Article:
Languages with the opposite pattern, verb indexing of only the ditransitive theme, are unattested.
A language has been classified as mixed if it exhibits two equally widespread alternative constructions with the verb ‘give’, or if it has two verbs meaning ‘give’ which occur in different constructions. The former case is illustrated by Mandarin (cf. 9a-b), as well as by English.
‘I gave him/her a book.’
‘I gave a book to him/her.’
There is one further kind of behaviour that could be regarded as mixed: when a construction is characterized both by case-marking and by verb indexing, and when these two do not go together. For example, in Bawm (Chin, Tibeto-Burman; Myanmar and India), the recipient is marked by the postposition sinah, contrasting with the unmarked theme, and is indexed on the verb by an object clitic which also indexes the monotransitive patient (nan= in (10a-b)).
‘I marry you.’
‘I give the book to you.’
It has been decided somewhat arbitrarily not to categorize such languages as mixed, but to classify them according to the behavior of their case or adpositional marking. Thus, Bawm is classified as an indirect-object language for the purpose of this map.
The two clear geographical generalizations are the overwhelming predominance of the indirect-object pattern in Eurasia (except for mainland Southeast Asia), and the absence of this pattern from North America. Mesoamerica and adjacent areas in South America are also dominated by indirect-object languages, but elsewhere the patterns are more mixed. In Africa, there appears to be some alignment with language families: Afroasiatic and Mande languages tend to show the indirect-object construction, while Niger-Congo languages other than Mande tend to show double-object and secondary-object constructions.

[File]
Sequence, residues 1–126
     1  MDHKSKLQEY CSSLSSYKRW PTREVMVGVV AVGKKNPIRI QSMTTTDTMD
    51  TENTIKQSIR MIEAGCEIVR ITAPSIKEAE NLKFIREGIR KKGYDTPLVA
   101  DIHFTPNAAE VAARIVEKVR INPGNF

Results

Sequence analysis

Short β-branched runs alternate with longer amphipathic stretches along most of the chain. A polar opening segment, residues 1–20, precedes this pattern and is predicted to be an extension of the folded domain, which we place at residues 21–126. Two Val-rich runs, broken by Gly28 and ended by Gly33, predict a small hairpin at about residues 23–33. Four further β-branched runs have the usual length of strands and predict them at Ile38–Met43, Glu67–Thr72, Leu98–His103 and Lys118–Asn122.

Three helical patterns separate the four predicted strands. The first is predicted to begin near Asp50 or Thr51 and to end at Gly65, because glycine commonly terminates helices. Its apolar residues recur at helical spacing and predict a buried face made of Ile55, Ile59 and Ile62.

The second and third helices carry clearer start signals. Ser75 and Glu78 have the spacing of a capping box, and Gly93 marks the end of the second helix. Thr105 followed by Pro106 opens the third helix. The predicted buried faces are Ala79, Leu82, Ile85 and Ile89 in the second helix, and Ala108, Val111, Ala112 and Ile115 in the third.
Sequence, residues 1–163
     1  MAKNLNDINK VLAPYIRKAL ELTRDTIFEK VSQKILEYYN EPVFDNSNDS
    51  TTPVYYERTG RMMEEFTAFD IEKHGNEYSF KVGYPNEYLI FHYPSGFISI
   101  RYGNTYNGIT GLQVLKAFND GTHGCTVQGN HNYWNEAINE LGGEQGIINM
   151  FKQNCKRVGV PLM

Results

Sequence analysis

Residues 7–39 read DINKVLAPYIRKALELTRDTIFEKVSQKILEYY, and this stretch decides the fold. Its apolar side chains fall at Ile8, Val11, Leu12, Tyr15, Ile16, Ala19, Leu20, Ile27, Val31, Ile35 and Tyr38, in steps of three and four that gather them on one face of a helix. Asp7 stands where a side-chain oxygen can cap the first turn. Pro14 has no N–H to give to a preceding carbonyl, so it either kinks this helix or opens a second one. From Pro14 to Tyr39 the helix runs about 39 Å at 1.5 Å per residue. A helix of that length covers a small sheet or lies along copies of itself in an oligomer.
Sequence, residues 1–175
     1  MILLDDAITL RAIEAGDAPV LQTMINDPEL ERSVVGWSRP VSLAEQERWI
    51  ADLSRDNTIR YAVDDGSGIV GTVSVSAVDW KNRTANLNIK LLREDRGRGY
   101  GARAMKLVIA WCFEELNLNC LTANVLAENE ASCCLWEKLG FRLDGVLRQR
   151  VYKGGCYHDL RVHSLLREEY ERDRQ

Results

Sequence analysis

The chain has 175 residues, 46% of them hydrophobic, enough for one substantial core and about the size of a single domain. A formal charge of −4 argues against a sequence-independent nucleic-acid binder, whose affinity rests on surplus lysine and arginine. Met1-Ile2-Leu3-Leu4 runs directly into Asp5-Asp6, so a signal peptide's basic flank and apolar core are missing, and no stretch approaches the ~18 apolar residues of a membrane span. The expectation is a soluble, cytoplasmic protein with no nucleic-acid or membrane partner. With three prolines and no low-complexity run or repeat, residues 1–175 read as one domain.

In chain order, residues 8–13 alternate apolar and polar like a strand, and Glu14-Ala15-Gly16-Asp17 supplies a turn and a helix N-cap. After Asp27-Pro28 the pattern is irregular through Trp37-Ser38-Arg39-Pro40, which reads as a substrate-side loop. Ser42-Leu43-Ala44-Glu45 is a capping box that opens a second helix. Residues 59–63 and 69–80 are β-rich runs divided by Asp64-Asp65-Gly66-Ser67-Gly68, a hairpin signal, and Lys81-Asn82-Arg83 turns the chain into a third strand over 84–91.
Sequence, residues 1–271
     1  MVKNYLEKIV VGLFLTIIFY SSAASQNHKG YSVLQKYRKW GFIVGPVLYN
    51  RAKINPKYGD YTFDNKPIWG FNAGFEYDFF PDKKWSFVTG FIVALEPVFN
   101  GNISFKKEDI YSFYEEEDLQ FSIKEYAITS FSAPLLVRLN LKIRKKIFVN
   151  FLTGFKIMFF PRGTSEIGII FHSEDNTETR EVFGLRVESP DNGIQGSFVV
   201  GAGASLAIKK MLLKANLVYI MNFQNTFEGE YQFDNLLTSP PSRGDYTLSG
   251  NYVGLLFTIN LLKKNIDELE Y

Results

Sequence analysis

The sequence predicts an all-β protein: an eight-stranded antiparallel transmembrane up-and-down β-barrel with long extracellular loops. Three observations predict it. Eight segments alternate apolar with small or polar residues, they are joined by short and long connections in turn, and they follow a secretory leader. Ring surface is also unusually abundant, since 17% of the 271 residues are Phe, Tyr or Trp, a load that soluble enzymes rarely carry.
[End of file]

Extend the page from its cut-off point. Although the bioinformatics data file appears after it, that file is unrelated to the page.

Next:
Ditransitive constructions are not independent of other typological parameters: dependent-marking languages with case-marking tend to show the indirect-object pattern, head-marking languages with verb indexing of two core arguments tend to show the secondary-object pattern, and the double-object pattern is most common in languages with no case-marking (see the maps in chapters 23, 51, and 104).